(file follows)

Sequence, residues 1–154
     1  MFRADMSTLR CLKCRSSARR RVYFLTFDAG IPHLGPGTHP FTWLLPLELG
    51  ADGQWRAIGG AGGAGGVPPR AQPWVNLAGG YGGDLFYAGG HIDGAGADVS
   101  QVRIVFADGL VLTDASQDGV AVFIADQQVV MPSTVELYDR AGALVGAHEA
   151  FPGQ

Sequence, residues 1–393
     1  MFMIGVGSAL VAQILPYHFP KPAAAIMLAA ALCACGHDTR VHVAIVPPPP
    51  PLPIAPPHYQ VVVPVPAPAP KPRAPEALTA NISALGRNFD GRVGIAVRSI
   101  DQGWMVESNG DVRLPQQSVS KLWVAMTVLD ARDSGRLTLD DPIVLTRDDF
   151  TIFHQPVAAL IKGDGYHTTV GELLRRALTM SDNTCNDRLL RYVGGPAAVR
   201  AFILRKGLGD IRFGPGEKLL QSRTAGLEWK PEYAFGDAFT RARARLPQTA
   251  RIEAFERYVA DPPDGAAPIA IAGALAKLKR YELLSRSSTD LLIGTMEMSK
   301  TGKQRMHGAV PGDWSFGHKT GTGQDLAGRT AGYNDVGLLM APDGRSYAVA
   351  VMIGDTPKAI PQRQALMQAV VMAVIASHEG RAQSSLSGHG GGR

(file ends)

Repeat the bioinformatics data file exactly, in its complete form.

Sequence, residues 1–154
     1  MFRADMSTLR CLKCRSSARR RVYFLTFDAG IPHLGPGTHP FTWLLPLELG
    51  ADGQWRAIGG AGGAGGVPPR AQPWVNLAGG YGGDLFYAGG HIDGAGADVS
   101  QVRIVFADGL VLTDASQDGV AVFIADQQVV MPSTVELYDR AGALVGAHEA
   151  FPGQ

Sequence, residues 1–393
     1  MFMIGVGSAL VAQILPYHFP KPAAAIMLAA ALCACGHDTR VHVAIVPPPP
    51  PLPIAPPHYQ VVVPVPAPAP KPRAPEALTA NISALGRNFD GRVGIAVRSI
   101  DQGWMVESNG DVRLPQQSVS KLWVAMTVLD ARDSGRLTLD DPIVLTRDDF
   151  TIFHQPVAAL IKGDGYHTTV GELLRRALTM SDNTCNDRLL RYVGGPAAVR
   201  AFILRKGLGD IRFGPGEKLL QSRTAGLEWK PEYAFGDAFT RARARLPQTA
   251  RIEAFERYVA DPPDGAAPIA IAGALAKLKR YELLSRSSTD LLIGTMEMSK
   301  TGKQRMHGAV PGDWSFGHKT GTGQDLAGRT AGYNDVGLLM APDGRSYAVA
   351  VMIGDTPKAI PQRQALMQAV VMAVIASHEG RAQSSLSGHG GGR